The Plaza Antoni López of Barcelona, houses a monumental building, whose towers can be seen from various spots in the city, with stairs the many look for in order to enjoy the meal they bought in Bo de B (check out my article about this place and its take away food).
Let’s talk about the post office building of Barcelona. A building that, despite being really close to everybody, is seldomly visited, and very few know its interior and enjoy the view of its dome.
A Little history
Barcelona’s first postal service started in the year 1338, being managed by a group of people, with its headquarters in Capilla d’en Marcús, in the middle of Barrio de la Ribera (now “Barrio del Born”). We will talk more about it in the next posts, just know that it’s one of the oldest buildings that are still intact, with parts of its structure being of roman style.
In 1716, King Felipe V incorporated the postal service to the Spanish kingdom and its headquarters moved to Carrer Correu Vell (el correo viejo, the old post office).
That was not its final location, and the headquarters kept relocating to various places in the city.
Finally, in the beginning of the 20th century, the project that we’re observing now finally arrived.
Via Laietana was about to be open, a new avenue in the middle of “casco antiguo” that connected the modern “Barcelona del Eixample” with the sea. In this context, a new project for a post office building was created, whose activity had been transforming due to the arrival of new means of transport.
Features of the Post Office building
The building, designed by architects Josep Goday and Jaume Torres i Grau and of neoclassical style, was built between 1916 and 1929, and open at the same time as that year’s universal exposition, whose main venue was Barcelona.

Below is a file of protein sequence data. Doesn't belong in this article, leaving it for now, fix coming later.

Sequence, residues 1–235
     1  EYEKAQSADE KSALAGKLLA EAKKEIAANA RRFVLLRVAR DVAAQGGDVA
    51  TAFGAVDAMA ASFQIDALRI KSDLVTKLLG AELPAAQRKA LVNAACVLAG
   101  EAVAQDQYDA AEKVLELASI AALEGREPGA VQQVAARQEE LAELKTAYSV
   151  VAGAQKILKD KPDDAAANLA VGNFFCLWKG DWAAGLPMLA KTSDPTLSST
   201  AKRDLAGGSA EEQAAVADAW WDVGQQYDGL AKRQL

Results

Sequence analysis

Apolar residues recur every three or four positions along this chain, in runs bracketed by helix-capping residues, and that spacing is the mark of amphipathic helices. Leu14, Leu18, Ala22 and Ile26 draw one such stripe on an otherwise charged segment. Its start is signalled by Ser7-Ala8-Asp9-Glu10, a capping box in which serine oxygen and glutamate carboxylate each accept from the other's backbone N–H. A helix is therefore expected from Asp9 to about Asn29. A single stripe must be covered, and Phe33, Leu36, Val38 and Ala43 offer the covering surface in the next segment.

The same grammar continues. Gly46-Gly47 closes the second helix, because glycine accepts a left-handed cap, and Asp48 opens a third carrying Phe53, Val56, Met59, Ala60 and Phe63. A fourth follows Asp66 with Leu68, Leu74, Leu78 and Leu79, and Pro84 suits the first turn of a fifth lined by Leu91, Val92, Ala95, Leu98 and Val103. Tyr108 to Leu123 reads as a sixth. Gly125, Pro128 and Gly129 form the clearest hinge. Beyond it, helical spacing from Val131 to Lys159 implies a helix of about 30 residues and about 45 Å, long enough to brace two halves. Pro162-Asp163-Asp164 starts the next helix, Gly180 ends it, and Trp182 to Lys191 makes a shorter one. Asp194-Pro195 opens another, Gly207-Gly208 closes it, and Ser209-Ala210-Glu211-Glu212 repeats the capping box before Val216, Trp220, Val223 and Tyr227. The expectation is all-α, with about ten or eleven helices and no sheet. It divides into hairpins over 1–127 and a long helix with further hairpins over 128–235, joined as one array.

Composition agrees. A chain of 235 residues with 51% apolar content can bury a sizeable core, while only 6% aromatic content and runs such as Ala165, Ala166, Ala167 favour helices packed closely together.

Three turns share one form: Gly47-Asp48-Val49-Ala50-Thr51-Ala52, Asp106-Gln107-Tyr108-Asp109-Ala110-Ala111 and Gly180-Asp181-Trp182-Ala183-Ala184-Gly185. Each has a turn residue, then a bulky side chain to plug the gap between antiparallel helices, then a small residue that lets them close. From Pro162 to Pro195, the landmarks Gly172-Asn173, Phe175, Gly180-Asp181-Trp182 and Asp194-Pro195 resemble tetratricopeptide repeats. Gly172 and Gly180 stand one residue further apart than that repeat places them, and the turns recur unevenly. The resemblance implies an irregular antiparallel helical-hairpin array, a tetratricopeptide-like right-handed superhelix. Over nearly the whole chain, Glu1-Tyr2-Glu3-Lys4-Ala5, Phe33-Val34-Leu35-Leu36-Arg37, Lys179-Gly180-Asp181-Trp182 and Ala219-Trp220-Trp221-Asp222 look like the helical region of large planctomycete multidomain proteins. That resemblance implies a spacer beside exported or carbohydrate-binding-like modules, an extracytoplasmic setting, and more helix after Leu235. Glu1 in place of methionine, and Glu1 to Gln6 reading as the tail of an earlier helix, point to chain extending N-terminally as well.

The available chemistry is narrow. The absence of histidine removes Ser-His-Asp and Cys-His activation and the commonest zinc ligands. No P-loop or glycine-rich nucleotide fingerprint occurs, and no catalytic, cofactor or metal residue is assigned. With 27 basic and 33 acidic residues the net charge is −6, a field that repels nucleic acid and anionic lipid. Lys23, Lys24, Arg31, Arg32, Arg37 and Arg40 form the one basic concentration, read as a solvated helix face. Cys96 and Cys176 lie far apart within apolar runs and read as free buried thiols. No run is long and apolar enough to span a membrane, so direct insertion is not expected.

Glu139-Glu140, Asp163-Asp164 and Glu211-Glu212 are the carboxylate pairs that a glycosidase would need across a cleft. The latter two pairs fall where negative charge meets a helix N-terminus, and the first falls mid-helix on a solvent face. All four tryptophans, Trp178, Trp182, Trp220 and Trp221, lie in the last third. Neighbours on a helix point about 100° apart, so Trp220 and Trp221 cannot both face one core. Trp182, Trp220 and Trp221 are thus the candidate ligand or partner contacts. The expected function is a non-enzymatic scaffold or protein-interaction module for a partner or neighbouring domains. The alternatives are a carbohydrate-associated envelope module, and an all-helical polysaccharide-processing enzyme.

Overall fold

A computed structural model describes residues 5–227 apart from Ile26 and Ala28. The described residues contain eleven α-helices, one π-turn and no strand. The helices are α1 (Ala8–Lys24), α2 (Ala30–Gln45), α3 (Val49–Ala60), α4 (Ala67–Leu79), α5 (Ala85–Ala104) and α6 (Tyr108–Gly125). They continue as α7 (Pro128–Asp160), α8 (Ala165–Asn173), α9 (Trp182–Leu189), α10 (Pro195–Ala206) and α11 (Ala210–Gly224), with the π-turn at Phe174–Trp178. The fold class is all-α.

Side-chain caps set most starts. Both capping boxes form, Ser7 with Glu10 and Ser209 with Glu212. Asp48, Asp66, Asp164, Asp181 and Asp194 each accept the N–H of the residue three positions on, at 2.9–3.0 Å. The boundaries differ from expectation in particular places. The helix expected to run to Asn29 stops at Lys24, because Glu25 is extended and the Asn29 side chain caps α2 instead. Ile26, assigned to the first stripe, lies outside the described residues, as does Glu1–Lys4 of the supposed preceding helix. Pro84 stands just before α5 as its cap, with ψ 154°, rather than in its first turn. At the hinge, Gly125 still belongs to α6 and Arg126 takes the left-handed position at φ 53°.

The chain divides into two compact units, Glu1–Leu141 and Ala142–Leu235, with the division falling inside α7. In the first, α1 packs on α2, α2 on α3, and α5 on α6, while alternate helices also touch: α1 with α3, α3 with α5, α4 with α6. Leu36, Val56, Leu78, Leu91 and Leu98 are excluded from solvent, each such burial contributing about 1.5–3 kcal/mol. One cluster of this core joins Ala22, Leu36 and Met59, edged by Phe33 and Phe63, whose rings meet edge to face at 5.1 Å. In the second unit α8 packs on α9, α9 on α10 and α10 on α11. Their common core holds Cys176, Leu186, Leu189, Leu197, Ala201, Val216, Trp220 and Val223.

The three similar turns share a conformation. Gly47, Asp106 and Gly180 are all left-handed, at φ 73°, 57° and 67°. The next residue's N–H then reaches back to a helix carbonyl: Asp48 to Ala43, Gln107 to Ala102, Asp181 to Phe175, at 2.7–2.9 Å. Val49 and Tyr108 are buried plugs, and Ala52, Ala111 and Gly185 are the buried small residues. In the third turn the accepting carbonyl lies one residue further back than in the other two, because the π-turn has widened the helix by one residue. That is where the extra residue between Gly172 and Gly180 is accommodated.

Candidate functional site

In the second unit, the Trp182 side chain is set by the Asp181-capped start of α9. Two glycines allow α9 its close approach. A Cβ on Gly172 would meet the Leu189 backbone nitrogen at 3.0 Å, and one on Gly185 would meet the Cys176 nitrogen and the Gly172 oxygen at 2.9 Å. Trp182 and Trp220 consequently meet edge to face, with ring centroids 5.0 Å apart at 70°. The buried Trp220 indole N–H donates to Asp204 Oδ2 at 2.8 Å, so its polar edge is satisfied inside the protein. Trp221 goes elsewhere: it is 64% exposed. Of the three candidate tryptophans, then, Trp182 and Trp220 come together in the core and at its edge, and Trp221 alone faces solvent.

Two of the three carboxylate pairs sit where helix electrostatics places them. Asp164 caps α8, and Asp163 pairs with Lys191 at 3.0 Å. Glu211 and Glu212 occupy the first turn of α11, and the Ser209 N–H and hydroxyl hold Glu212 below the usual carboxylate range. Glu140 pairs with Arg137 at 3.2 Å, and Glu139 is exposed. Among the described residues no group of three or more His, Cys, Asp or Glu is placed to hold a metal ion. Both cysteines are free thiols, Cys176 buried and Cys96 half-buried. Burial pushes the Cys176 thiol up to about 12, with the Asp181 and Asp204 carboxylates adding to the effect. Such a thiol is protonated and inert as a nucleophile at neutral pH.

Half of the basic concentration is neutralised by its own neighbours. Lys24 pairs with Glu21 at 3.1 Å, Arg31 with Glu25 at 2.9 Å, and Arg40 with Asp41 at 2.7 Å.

Built with stones from Montjuïc digging site, a mountain that is a symbol of Barcelona, with a main facade that has 4 giant columns, a baseboard with the inscription CORREOS Y TELÉGRAFOS, four sculptures of feminine figures that represent communications, transportations and the Spanish royal house shield, at the time of King Alfonso XIII.
But without a doubt, the most attractive part lies inside the building. So don’t miss it when you are around this area.
This is a public building, which means there is no entrance fee, and the access is not restricted.
Honestly, most people don’t include this site during their visit, and miss the chance to enjoy the inside part of it. But it’s worth the effort to climb its stairs, and marvel with the crystal dome that crowns the central part of the building, filling it with natural light.
And what about using the postal service itself?: A postcard of Barcelona in your hand, sending it to a loved one, like in the “old days”.
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